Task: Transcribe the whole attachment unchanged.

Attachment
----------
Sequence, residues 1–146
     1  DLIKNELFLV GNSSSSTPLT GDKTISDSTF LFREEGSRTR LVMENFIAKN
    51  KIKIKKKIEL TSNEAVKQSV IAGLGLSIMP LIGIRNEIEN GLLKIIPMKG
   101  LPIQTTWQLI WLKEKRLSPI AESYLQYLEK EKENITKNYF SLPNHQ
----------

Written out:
Sequence, residues 1–146
     1  DLIKNELFLV GNSSSSTPLT GDKTISDSTF LFREEGSRTR LVMENFIAKN
    51  KIKIKKKIEL TSNEAVKQSV IAGLGLSIMP LIGIRNEIEN GLLKIIPMKG
   101  LPIQTTWQLI WLKEKRLSPI AESYLQYLEK EKENITKNYF SLPNHQ